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Bible Museum Admits Some of its Dead Sea Scrolls are Fake

Dead Sea Scrolls
Uriel Sinai/Getty
 

WASHINGTON (AP) — When Washington’s $500 million Museum of the Bible held its grand opening in November 2017, attended by Vice President Mike Pence, there were questions even then about the authenticity of its centerpiece collection of Dead Sea Scrolls.

Now the museum has been forced to admit a painful truth: Technical analysis by a team of German scholars has revealed that at least five of the museum’s 16 scroll fragments are apparent forgeries.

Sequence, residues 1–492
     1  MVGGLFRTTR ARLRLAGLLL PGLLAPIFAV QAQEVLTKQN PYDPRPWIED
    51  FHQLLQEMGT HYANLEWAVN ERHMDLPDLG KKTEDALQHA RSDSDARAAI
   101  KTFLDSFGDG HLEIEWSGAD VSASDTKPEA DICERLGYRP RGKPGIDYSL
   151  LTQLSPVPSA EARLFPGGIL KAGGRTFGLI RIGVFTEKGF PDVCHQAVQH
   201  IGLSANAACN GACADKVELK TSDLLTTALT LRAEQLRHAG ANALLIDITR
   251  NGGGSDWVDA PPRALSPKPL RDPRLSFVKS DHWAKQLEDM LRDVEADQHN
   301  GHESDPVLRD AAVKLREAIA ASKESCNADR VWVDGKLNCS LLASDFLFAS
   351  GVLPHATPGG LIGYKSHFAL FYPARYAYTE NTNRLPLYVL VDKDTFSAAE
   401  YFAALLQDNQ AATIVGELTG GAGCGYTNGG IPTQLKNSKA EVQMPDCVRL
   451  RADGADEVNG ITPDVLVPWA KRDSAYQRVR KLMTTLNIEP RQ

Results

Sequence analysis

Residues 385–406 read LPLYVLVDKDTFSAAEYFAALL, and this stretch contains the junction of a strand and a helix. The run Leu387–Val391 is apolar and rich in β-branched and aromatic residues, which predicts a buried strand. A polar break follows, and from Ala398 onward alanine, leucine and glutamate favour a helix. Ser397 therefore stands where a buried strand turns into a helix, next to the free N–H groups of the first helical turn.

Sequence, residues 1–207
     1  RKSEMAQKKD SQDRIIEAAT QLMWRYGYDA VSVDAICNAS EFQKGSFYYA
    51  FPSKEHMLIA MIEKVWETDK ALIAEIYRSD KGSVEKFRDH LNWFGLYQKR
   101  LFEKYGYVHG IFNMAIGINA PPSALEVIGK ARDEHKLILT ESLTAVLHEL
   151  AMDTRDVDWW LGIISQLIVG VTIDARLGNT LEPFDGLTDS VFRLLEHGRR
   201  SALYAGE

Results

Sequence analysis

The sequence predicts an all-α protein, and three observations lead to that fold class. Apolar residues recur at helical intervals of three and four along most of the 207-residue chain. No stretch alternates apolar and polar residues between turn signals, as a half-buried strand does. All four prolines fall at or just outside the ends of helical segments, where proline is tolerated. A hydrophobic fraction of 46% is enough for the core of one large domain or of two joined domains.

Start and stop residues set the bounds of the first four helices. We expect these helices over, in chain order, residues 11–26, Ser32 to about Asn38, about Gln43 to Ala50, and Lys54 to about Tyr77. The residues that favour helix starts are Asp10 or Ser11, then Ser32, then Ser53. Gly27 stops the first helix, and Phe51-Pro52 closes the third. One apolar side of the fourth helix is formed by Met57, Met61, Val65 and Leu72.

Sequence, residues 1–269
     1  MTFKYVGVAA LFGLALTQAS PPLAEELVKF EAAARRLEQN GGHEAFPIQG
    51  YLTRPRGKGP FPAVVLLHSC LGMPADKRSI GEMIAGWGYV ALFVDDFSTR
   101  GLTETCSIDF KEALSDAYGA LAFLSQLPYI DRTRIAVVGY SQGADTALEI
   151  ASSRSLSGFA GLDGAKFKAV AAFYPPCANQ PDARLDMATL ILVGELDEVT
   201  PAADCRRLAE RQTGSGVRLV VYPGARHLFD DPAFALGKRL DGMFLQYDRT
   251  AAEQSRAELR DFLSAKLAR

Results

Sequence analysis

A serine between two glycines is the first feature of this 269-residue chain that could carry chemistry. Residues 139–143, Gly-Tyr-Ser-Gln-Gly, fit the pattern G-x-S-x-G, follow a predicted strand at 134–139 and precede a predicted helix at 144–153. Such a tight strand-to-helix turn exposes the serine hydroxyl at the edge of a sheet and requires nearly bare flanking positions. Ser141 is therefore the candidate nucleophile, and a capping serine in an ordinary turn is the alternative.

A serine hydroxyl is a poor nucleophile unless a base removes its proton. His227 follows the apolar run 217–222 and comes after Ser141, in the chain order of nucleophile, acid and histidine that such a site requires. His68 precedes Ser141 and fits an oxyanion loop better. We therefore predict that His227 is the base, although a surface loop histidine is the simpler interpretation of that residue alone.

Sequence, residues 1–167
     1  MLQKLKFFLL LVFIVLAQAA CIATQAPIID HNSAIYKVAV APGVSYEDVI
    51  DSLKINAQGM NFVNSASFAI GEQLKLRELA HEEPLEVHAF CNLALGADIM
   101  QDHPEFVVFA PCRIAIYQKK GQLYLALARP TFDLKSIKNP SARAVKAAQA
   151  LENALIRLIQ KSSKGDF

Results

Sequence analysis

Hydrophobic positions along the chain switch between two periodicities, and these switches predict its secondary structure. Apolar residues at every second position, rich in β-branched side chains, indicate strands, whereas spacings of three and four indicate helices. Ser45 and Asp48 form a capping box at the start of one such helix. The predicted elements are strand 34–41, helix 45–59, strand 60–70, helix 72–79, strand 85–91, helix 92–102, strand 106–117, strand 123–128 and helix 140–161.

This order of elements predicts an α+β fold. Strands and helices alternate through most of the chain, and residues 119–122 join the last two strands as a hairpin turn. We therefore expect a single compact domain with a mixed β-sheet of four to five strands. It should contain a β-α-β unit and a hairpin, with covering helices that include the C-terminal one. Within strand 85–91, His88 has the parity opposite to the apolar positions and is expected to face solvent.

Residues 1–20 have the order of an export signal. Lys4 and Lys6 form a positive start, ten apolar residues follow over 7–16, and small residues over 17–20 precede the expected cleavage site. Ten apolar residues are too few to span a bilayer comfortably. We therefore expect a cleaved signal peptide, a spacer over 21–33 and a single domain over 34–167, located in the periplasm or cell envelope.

The announcement has serious implications not only for the Bible Museu

Jeffrey Kloha, chief curator for the Museum of the Bible, said in a statement that the revelation is “an opportunity to educate the public on the importance of verifying the authenticity of rare biblical artifacts, the elaborate testing process undertaken and our commitment to transparency.”

The scrolls are a collection of ancient Jewish religious texts first discovered in the mid-1940s in caves on the western shore of the Dead Sea in what is now Israel. The massive cache of Hebrew documents is believed to date back to the days of Jesus. With more than 9,000 documents and 50,000 fragments, the entire collection took decades to fully excavate.

Most of the scrolls and fragments are tightly controlled by the Israeli Antiquities Authority. But around 2002, a wave of new fragments began mysteriously appearing on the market, despite skepticism from Biblical scholars.

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